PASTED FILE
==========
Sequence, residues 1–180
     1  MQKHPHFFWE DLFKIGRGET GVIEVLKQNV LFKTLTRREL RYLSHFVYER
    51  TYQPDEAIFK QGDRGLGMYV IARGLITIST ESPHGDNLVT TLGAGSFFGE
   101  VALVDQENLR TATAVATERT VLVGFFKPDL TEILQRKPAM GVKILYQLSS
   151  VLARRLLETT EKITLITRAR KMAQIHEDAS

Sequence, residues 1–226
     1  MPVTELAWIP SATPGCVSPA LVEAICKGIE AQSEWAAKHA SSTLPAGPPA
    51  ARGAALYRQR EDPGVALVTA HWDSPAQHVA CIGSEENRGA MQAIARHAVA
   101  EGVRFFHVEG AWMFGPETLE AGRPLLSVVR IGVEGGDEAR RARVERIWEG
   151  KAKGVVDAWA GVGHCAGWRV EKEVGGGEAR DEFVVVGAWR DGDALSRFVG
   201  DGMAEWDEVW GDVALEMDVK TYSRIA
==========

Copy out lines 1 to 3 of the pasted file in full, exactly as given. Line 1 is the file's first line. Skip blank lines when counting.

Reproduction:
Sequence, residues 1–180
     1  MQKHPHFFWE DLFKIGRGET GVIEVLKQNV LFKTLTRREL RYLSHFVYER
    51  TYQPDEAIFK QGDRGLGMYV IARGLITIST ESPHGDNLVT TLGAGSFFGE